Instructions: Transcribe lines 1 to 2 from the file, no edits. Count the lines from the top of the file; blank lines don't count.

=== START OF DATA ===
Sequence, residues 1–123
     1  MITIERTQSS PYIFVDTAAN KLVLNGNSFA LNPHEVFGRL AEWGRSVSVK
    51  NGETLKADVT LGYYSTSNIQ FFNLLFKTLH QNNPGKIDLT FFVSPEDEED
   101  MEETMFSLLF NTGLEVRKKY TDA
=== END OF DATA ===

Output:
Sequence, residues 1–123
     1  MITIERTQSS PYIFVDTAAN KLVLNGNSFA LNPHEVFGRL AEWGRSVSVK